Through the storefront, I didn’t see the shopkeeper, so I pushed the door open, my eyes focused on the broken, faceless watch behind the counter. Just grab it and run, I told myself, this is downtown Bryan. You’ll be gone before –

The door struck a delicate bell just inside the jamb that jingled merrily. It sounded like a thousand brass bells dropped on the marble floor of a cathedral.

The jeweler emerged from his curtained back room, his eyes creased and shining.

“Back for another look?” he inquired, smiling thinly.

“Yeah, well, I couldn’t get that one out of my mind,” I said, feigning a sheepish grin and pointing at the moon-and-stars watch. “I’m thinking it would be perfect for my wife, as long as I can keep it a secret ’til Christmas.”

“Stellar Embrace, that one’s called,” he mused, sliding open the back of the cabinet. He drew the watch out with his spindly fingers, draping it over one leathery palm. “It’s from the 1930s, if memory serves, and should -” he pinched it delicately and wound it for a few seconds, “ – ah, yes, it runs impeccably.” Lifting the watch to his left ear, he closed his eyes for a moment. “Every one sounds different, you know, like heartbeats,” he said in a faraway voice. He gathered himself. “Oh! I’m terribly sorry. At any rate, I may have an older watch box for it in the back if you’d like. I think it would give the gift that much more character.”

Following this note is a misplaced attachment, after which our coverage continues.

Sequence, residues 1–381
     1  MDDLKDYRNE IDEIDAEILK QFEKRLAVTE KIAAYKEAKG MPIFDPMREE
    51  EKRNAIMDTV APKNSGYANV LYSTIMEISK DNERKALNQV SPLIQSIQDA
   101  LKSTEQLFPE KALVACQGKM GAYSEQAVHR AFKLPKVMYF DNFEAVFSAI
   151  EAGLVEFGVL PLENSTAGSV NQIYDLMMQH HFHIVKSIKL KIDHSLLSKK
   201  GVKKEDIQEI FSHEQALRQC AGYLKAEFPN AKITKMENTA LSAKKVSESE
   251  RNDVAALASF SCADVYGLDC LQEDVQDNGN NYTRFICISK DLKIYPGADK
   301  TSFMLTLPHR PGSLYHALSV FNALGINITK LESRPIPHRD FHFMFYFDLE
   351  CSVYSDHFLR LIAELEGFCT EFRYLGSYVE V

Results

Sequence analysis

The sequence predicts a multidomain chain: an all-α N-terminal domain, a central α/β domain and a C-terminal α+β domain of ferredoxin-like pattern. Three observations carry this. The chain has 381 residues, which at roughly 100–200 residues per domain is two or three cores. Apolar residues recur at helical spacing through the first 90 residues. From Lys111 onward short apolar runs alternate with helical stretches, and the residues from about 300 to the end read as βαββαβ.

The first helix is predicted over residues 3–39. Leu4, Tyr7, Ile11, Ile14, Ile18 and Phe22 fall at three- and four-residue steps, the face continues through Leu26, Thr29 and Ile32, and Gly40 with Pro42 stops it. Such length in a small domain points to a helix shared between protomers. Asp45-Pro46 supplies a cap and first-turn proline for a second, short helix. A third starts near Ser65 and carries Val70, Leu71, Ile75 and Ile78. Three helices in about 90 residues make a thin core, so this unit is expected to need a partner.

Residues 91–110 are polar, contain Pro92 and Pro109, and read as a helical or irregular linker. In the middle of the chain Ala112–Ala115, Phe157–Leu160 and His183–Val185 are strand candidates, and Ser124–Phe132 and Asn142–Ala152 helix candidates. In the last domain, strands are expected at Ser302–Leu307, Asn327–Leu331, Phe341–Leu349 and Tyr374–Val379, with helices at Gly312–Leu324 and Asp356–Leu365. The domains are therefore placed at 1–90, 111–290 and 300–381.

He handed the watch to me, and I eyed it with as much interest as I could muster, turning it over in my fingers.

I nodded, and handed the watch back. “I’ll take it.”

He straightened up and grinned as I added, “Could you find one of those old boxes you mentioned? I think my wife would love it.” I was physically forcing my eyes into his, trying not to look at Kallie’s watch on the workbench.

“I’m sure we’ll find one to her liking,” he replied, and he slid silently into the back room through the narrow doorway.

I didn’t even think to hesitate when he was gone, lunging across the display cases and closing my fist on Kallie’s watch. It ticked impotently against the heart of my palm.

And now you’re a thief, too, I thought. Damn conscience.

I opened my hand and looked at the back of the watch.

It was engraved: Kallie Tabitha: Happy 18th, Love, Mom and Dad.

Kallie, you’ll get your watch back, I silently promised. But I’ve got to borrow it for awhile.

A hollow bumping noise came from the back room. “Won’t be but a moment,” the jeweler called, “I’ve several for you to choose from.”

I was out the door and down the street before the bell in the doorway stopped jingling behind me.

Ten minutes later, I was in the gravel parking lot of a neighborhood park, willing my heart to slow down, staring at the broken watch lying on the passenger seat next to me.

I had dashed back to my car madly, leaped in, and thrown it in reverse so quickly that I’d nearly backed out into the path of a green pickup truck with a red Christmas bow hung crazily on its grille. Somehow, I’d calmed down enough to leave the town square behind, and I vaguely remembered wheeling the car sharply through a series of turns, though God knows I hadn’t made any conscious decisions about where I was going or what to do next.